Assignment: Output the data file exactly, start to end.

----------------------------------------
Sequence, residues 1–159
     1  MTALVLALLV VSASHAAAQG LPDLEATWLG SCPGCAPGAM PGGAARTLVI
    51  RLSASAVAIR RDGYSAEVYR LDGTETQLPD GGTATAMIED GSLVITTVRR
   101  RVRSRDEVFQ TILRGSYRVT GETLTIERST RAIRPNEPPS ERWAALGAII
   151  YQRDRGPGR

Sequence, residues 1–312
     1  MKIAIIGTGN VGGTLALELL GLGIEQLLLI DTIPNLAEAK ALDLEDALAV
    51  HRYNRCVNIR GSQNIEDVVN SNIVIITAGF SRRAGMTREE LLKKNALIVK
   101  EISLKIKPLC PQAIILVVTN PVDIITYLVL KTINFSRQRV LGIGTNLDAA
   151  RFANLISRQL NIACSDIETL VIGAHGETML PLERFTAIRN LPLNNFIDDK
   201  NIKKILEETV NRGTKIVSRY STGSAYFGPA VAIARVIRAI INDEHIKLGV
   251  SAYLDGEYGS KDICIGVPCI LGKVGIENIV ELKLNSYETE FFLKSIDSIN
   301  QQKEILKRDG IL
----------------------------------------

Sequence, residues 1–159
     1  MTALVLALLV VSASHAAAQG LPDLEATWLG SCPGCAPGAM PGGAARTLVI
    51  RLSASAVAIR RDGYSAEVYR LDGTETQLPD GGTATAMIED GSLVITTVRR
   101  RVRSRDEVFQ TILRGSYRVT GETLTIERST RAIRPNEPPS ERWAALGAII
   151  YQRDRGPGR

Sequence, residues 1–312
     1  MKIAIIGTGN VGGTLALELL GLGIEQLLLI DTIPNLAEAK ALDLEDALAV
    51  HRYNRCVNIR GSQNIEDVVN SNIVIITAGF SRRAGMTREE LLKKNALIVK
   101  EISLKIKPLC PQAIILVVTN PVDIITYLVL KTINFSRQRV LGIGTNLDAA
   151  RFANLISRQL NIACSDIETL VIGAHGETML PLERFTAIRN LPLNNFIDDK
   201  NIKKILEETV NRGTKIVSRY STGSAYFGPA VAIARVIRAI INDEHIKLGV
   251  SAYLDGEYGS KDICIGVPCI LGKVGIENIV ELKLNSYETE FFLKSIDSIN
   301  QQKEILKRDG IL